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ROT13

  • Description
  • Algorithm
  • Implementation
ROT13 is one of simple substitution ciphers. It is a special case of the Caesar cipher. It appeared in use in the early eighties of the twentieth century.
Simple substitution cipher
The cipher is often used for hiding content of transmitted information and avoidance automatic algorithms checking words used in messages. It is used for hiding e-mail addresses from spambots or prohibited contents in posts on internet forums.

The ROT13 algorithm is about shifting characters by 13 positions in the Latin alphabet (which contains 26 letters in total).

For example, the letter A is encrypted as N, and the letter B is encrypted as O.

ROT13 is simple in use because applied twice to a letter produces exactly the same letter:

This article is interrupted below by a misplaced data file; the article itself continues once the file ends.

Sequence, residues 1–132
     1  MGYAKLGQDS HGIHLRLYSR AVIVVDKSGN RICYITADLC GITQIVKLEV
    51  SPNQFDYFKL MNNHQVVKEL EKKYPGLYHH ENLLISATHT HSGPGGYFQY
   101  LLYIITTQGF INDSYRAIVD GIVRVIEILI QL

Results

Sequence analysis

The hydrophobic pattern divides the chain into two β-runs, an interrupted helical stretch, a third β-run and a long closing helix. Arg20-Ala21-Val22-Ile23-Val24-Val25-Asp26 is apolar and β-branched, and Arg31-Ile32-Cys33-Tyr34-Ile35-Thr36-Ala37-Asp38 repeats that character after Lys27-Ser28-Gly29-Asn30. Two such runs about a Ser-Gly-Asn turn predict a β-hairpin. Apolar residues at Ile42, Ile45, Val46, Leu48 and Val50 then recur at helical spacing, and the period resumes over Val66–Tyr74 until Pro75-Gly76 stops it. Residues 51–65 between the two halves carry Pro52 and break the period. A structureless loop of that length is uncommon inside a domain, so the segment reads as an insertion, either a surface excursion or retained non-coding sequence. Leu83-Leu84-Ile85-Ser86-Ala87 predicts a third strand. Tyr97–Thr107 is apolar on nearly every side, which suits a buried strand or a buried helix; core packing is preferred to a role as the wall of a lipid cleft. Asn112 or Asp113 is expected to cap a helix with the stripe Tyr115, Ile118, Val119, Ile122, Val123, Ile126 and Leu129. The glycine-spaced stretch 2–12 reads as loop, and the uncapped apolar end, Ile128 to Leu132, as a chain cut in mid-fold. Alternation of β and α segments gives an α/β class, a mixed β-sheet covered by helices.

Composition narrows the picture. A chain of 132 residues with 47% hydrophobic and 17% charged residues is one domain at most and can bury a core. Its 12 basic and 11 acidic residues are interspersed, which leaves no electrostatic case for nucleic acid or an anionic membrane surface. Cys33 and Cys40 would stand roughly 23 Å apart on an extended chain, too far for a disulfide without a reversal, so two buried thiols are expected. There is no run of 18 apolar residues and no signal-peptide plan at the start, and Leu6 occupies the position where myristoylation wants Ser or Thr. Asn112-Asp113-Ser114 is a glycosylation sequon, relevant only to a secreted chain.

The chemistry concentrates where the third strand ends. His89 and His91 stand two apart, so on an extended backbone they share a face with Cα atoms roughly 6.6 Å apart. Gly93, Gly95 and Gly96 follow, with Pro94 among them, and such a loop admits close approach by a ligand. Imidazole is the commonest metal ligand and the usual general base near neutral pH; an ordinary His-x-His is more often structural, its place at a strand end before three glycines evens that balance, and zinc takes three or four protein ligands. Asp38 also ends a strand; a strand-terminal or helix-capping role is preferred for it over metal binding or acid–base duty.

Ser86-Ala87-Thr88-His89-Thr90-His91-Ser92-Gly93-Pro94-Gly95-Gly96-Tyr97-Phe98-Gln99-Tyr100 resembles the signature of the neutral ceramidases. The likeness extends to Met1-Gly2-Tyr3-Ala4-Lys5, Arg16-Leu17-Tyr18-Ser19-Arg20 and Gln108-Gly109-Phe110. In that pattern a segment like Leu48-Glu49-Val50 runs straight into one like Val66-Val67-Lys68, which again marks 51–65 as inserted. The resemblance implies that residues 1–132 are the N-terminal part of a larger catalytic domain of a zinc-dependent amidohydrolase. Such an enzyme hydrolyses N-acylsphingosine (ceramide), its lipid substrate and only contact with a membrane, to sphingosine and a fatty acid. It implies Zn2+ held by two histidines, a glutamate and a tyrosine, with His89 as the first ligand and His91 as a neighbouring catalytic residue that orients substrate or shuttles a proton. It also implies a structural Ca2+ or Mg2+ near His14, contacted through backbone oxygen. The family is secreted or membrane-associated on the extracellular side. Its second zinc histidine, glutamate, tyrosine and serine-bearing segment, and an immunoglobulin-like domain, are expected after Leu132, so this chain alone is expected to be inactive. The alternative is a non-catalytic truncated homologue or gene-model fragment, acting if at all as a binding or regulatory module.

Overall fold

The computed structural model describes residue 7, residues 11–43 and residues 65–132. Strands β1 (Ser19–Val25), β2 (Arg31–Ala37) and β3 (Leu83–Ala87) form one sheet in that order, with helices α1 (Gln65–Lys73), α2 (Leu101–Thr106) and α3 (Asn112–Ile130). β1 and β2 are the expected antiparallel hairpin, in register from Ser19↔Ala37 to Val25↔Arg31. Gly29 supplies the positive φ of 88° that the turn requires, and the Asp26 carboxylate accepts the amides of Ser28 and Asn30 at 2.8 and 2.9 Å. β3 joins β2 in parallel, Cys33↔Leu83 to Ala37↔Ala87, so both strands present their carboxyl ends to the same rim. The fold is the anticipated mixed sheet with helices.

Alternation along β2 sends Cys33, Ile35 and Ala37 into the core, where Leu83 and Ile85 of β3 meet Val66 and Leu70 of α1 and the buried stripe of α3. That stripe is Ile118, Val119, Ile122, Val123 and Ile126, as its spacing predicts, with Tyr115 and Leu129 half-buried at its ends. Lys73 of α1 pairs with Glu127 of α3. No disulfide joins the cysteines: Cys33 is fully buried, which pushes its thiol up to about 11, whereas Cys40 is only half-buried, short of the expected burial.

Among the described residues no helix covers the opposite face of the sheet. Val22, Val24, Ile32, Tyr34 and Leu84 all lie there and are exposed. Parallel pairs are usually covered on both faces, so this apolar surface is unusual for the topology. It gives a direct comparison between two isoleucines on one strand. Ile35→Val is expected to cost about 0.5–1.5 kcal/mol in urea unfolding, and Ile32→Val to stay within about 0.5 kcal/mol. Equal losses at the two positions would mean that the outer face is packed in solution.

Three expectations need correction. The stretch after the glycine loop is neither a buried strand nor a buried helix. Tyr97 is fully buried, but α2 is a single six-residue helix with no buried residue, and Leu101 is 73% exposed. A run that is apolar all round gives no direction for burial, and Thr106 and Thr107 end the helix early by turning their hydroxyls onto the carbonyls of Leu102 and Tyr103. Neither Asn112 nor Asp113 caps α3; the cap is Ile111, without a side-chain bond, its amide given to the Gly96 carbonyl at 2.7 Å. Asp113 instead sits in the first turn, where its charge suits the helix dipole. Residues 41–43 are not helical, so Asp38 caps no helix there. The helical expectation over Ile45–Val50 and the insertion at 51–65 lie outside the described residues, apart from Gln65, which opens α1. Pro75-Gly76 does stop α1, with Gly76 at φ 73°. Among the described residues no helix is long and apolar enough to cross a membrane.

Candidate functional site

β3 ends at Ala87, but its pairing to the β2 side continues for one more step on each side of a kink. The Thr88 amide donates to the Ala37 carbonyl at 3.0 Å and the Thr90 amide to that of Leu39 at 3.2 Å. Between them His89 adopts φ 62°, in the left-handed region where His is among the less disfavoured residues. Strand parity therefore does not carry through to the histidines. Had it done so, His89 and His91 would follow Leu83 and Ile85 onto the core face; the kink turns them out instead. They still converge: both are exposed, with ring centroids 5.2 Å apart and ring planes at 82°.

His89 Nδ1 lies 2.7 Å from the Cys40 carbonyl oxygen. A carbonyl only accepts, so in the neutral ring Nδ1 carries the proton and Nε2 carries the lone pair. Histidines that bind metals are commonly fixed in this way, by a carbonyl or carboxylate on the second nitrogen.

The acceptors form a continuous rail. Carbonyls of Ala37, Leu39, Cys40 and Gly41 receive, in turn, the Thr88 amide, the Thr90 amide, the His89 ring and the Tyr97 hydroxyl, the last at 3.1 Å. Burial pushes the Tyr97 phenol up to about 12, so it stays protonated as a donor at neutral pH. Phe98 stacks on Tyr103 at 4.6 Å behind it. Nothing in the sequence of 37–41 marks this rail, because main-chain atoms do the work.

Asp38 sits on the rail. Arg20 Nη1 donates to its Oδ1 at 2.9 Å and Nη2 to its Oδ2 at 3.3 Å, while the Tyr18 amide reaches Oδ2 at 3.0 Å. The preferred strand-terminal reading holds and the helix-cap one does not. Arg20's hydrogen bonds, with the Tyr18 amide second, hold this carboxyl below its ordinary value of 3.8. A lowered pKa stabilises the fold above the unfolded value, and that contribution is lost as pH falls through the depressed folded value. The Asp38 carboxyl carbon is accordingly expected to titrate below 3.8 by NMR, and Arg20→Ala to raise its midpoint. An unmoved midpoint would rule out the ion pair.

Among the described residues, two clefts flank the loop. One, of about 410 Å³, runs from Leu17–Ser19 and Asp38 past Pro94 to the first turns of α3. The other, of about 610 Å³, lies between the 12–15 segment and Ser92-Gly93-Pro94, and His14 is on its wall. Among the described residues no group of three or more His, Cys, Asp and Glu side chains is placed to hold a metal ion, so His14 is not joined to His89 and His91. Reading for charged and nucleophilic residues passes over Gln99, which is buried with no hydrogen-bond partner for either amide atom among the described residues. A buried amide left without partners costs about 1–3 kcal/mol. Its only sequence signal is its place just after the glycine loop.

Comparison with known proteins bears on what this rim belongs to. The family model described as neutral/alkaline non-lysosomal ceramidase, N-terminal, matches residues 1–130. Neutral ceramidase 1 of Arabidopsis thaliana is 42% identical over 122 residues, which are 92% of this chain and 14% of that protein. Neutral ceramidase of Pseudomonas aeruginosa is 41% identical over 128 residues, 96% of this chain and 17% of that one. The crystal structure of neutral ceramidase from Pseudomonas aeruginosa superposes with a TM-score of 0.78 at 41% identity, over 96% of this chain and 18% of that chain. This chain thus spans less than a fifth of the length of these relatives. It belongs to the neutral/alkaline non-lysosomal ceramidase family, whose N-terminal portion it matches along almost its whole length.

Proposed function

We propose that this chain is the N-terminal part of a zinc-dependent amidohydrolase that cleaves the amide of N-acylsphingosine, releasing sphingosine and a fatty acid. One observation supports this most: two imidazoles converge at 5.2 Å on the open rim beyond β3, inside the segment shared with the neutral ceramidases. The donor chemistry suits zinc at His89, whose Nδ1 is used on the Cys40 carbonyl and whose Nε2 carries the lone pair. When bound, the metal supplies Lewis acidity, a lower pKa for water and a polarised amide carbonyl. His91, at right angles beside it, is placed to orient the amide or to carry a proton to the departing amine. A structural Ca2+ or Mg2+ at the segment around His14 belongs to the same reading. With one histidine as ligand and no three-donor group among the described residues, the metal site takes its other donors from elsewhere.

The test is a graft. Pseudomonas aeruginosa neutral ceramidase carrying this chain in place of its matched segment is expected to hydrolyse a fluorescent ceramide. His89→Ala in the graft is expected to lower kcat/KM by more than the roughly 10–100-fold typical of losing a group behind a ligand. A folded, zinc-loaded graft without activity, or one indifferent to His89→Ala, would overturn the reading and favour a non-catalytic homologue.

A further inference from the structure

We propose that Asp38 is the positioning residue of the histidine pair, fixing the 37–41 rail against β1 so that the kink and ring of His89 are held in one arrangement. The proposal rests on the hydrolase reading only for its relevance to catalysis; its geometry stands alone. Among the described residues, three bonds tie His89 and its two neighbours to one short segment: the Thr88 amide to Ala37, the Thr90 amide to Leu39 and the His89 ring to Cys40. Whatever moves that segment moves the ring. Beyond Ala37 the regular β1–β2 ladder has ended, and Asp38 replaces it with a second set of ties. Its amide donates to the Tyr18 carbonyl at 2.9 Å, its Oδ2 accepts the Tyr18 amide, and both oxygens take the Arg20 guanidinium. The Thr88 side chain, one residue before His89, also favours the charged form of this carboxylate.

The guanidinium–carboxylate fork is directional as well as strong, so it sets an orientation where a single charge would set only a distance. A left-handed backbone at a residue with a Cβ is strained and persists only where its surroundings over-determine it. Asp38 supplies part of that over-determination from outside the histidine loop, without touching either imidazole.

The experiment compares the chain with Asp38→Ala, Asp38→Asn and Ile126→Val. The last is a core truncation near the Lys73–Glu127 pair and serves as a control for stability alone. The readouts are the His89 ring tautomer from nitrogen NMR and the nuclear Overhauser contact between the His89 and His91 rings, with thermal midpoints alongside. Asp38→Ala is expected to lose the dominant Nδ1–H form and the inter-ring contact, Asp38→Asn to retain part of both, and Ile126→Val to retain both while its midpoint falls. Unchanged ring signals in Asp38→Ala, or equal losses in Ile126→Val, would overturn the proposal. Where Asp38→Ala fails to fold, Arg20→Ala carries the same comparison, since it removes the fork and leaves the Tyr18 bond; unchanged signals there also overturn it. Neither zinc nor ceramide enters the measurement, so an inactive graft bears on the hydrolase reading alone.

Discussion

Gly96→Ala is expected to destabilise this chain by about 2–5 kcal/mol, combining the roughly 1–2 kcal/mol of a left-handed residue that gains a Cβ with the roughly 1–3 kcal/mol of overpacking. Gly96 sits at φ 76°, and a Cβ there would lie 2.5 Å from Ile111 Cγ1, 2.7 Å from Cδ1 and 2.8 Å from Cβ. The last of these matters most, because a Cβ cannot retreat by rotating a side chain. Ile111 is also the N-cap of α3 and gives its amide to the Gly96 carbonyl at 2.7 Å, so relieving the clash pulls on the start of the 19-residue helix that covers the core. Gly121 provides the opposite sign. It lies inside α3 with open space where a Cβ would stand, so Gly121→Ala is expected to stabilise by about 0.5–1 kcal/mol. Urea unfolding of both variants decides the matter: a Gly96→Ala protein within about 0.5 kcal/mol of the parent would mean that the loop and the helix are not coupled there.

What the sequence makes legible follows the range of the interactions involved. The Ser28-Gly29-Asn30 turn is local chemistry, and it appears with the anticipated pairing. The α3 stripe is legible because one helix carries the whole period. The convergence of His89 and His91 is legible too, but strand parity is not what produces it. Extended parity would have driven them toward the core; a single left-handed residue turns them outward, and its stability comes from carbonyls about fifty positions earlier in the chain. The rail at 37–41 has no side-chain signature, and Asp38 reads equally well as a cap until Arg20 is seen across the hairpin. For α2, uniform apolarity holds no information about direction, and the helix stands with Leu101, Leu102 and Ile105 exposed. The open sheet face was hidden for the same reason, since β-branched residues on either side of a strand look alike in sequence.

ROT13(ROT13(x)) = x

Therefore, the ROT13 decryption algorithm is about to use the same encryption function for ciphertext characters.

Security of the ROT13 cipher

The cipher doesn't have a secret key and to read a message encrypted using ROT13, one must only know that this particular cipher has been used.

What is interesting (and sad), there are known cases of using the cipher in respectable and popular applications (Netscape Communicator, ebooks of New Paradigm Research Group) in order to protect the stored data.

ROT13 can be implemented using a Linux command tr:
    alias rot13="tr a-zA-Z n-za-mN-ZA-M"